Their populations were dwindling heavily by the 20th Century when more and more were taken for fashion rather than necessity, but their numbers today are quite stable. Seals are still hunted occasionally in Iceland, due to the damage they cause to fishing equipment and how they pass ringworm to fish stocks; some are still hunted on private property for fur.
These practices have come under increasing question as the seal-watching industry has boomed, especially since the opening of the Icelandic Seal Centre in Hvammstangiwhich is dedicated to researching these animals and raising awareness about their threats. They are not the only species to frequent Icelandic waters, however. Harp, bearded, hooded and ringed seals are all occasional visitors, and even walruses are sometimes seen in the Westfjords.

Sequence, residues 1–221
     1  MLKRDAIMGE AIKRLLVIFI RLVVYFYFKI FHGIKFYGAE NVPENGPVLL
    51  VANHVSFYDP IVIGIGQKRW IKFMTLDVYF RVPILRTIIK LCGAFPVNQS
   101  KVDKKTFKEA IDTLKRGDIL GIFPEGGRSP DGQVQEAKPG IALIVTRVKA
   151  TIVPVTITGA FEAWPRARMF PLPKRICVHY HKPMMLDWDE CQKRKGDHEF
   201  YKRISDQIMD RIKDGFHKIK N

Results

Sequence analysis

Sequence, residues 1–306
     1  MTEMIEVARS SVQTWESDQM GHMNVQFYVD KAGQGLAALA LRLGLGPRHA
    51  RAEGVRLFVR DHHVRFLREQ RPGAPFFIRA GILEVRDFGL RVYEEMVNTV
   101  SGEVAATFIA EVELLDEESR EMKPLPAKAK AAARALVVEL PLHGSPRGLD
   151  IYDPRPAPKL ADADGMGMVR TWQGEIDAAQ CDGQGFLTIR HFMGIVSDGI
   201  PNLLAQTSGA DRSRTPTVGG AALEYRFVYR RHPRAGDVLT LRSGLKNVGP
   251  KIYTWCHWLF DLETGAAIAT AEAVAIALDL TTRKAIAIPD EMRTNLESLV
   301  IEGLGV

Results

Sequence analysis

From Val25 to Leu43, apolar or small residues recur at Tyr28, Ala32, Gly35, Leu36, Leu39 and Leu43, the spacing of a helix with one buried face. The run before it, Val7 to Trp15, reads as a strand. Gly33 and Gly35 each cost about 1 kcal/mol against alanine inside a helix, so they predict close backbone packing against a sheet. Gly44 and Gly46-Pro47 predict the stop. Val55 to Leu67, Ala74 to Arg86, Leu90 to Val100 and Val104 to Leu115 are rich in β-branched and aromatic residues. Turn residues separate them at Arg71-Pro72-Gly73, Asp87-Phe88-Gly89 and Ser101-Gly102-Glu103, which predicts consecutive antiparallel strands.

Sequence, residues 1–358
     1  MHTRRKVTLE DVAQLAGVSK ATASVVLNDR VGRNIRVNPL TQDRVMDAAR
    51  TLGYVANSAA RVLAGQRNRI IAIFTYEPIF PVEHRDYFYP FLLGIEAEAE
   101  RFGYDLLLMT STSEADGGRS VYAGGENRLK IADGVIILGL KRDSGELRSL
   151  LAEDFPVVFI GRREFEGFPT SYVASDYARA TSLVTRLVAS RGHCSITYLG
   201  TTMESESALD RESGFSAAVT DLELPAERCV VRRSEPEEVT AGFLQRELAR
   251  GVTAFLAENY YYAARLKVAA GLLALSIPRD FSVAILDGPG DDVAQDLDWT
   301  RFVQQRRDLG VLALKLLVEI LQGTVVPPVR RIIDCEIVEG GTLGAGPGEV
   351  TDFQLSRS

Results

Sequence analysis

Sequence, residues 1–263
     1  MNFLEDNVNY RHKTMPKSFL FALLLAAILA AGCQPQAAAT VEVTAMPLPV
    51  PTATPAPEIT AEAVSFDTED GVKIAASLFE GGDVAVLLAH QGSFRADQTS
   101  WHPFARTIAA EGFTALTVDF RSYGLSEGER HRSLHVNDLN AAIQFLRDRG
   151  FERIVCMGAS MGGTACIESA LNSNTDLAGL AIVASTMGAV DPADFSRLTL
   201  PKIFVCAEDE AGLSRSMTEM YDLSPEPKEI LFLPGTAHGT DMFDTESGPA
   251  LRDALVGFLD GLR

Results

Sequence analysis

Walruses used to have a large population here but were hunted to extinction in the 17th Century. Learn more about Seals and Seal Watching in Iceland. Puffins of Iceland Puffins are considered to be rare and elusive birds in the majority of the world, but in Iceland, there is a wealth of them. Their arrival in April and May mark the beginning of summer, and they can be easily seen up close in many parts of the country until August.
These birds do not like to roost anywhere where there are not others of their species, so wherever you can find one, you are likely to find hundreds more.
Puffins can be appreciated by boat and by land. These vessels are small enough to get close to the rocky shores, and many tours include binoculars so you can see them even more clearly. Many whale-watch tours include a detour to these islands. Those travelling to the Westfjords in summer need not even board a boat to see puffins. They have no fear of people, and will only fly off if someone is trying to touch them.